I went to the movies recently. It was a public holiday and the young woman collecting tickets obviously didn’t want to be working that day. I said something to my wife about the service at the place and the young woman started to quarrel with me as though I had been talking to her.
It caught me off guard. I tried to keep it together and told her that what I said to my wife was my opinion and there was no need for her to get involved.
The young lady turned up the heat and the volume. I told her thanks for her excellent customer service and walked into the cinema.
As I sat down I was still upset at the way she behaved. In fact, I remained fuming for about ten minutes before I realised… “Wait, I’ve paid to see this show. Yet I’m sitting here and allowing the woman’s hang ups to spoil my enjoyment. That can’t work. It’s like I’m paying money to get upset!”
Was I really going to allow this stranger to raise my blood pressure, tighten my neck muscles and crease my forehead? No way. I would not allow her bad mood to make me moody. I decided that her frustration belonged to her, not to me.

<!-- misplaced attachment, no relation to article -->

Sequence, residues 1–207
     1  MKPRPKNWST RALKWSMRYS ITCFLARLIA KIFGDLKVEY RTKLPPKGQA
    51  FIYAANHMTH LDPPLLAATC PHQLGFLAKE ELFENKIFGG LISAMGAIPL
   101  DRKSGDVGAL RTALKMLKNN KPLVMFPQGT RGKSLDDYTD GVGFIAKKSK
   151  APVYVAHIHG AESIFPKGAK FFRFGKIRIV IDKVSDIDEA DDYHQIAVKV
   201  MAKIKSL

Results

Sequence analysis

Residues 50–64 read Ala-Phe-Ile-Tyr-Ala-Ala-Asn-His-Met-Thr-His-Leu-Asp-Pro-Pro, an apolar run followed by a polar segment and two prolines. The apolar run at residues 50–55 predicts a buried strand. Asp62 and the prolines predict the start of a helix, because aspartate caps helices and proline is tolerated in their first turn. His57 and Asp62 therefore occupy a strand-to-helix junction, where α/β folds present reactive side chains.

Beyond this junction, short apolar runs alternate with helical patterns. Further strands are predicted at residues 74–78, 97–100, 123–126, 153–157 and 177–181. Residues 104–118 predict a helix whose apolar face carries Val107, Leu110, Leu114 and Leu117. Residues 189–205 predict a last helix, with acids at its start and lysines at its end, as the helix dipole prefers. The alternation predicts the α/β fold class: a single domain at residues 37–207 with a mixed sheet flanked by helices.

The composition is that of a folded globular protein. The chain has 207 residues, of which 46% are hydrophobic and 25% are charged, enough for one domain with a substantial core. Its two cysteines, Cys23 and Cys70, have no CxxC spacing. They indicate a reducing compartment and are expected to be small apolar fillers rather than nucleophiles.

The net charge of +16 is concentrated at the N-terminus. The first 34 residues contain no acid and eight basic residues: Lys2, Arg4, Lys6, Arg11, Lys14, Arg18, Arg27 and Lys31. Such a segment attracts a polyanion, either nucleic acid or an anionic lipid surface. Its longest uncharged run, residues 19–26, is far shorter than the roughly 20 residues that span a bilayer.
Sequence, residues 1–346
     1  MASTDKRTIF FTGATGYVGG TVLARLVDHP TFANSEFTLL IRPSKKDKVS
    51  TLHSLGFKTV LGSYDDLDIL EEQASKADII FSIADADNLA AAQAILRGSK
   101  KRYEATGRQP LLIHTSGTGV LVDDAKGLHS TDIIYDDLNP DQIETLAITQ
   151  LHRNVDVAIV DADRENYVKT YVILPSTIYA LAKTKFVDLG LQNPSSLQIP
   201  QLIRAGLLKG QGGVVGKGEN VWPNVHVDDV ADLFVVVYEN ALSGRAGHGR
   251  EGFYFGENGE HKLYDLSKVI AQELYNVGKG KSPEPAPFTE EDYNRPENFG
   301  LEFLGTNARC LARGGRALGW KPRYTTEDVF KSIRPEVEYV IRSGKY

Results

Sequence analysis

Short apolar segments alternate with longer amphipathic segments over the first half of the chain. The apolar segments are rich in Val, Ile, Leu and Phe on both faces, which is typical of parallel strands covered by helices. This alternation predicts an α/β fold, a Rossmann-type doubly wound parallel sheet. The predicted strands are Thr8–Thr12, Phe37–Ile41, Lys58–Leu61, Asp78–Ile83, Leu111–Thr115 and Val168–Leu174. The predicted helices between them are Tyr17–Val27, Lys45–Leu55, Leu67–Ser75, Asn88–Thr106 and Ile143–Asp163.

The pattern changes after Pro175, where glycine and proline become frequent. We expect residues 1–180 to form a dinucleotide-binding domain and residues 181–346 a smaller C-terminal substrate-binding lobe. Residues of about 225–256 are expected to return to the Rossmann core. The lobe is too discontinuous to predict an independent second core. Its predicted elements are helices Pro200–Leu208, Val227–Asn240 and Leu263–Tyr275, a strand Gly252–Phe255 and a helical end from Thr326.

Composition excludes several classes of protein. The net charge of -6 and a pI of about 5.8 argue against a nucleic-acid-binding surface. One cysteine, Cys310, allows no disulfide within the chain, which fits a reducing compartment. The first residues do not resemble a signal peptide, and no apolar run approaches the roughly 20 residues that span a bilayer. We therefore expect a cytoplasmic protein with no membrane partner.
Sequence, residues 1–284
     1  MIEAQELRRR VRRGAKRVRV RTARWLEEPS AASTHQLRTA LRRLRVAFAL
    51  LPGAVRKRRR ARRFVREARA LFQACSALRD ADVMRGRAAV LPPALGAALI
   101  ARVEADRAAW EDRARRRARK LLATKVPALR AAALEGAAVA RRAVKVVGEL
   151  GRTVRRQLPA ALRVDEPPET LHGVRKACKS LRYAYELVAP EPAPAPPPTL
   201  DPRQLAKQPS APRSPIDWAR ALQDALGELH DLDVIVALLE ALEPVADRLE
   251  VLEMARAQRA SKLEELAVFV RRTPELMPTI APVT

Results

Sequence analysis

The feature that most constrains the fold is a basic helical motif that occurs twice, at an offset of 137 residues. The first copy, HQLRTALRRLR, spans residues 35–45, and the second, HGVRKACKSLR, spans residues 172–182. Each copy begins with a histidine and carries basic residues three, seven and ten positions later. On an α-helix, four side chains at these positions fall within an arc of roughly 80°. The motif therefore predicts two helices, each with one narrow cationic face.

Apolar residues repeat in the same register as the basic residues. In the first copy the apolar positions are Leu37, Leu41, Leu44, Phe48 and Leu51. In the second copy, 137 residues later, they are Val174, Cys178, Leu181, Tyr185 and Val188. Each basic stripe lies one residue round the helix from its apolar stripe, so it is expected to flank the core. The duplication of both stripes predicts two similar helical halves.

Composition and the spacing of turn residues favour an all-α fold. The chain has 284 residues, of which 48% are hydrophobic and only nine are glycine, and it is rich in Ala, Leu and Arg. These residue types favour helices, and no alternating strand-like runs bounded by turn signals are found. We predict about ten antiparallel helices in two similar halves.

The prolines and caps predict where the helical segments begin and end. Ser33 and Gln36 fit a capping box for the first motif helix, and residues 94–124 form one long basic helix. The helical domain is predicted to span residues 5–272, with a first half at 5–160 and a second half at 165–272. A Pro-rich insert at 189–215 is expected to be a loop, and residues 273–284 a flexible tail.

By the way, it was a great movie.
Chatting with some friends recently one said, “Have you noticed these days the world is moving in two directions? The negativity or darkness seems to be increasing, while humanity’s thirst for peace, love and harmony, the positive, is also increasing.”
Another friend said, “Supposing if all those seeking peace, harmony and things positive could cooperate and work together. Supposing if all those tiny lights realise they are not alone; that they have power; what would happen to the darkness?”
We fell silent as we embraced that thought and considered our personal responses to those not so illuminating periods in life – the times we felt the darkness closing in and forgot the power of our own light.